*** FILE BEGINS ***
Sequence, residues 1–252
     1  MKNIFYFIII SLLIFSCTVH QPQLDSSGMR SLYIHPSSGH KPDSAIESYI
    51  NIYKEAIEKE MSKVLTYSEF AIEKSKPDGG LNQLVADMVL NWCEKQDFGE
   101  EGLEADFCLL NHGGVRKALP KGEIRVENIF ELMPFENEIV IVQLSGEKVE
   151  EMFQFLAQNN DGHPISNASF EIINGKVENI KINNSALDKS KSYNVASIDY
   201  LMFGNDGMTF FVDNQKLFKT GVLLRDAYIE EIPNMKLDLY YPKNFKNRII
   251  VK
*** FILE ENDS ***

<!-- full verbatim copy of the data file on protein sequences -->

Sequence, residues 1–252
     1  MKNIFYFIII SLLIFSCTVH QPQLDSSGMR SLYIHPSSGH KPDSAIESYI
    51  NIYKEAIEKE MSKVLTYSEF AIEKSKPDGG LNQLVADMVL NWCEKQDFGE
   101  EGLEADFCLL NHGGVRKALP KGEIRVENIF ELMPFENEIV IVQLSGEKVE
   151  EMFQFLAQNN DGHPISNASF EIINGKVENI KINNSALDKS KSYNVASIDY
   201  LMFGNDGMTF FVDNQKLFKT GVLLRDAYIE EIPNMKLDLY YPKNFKNRII
   251  VK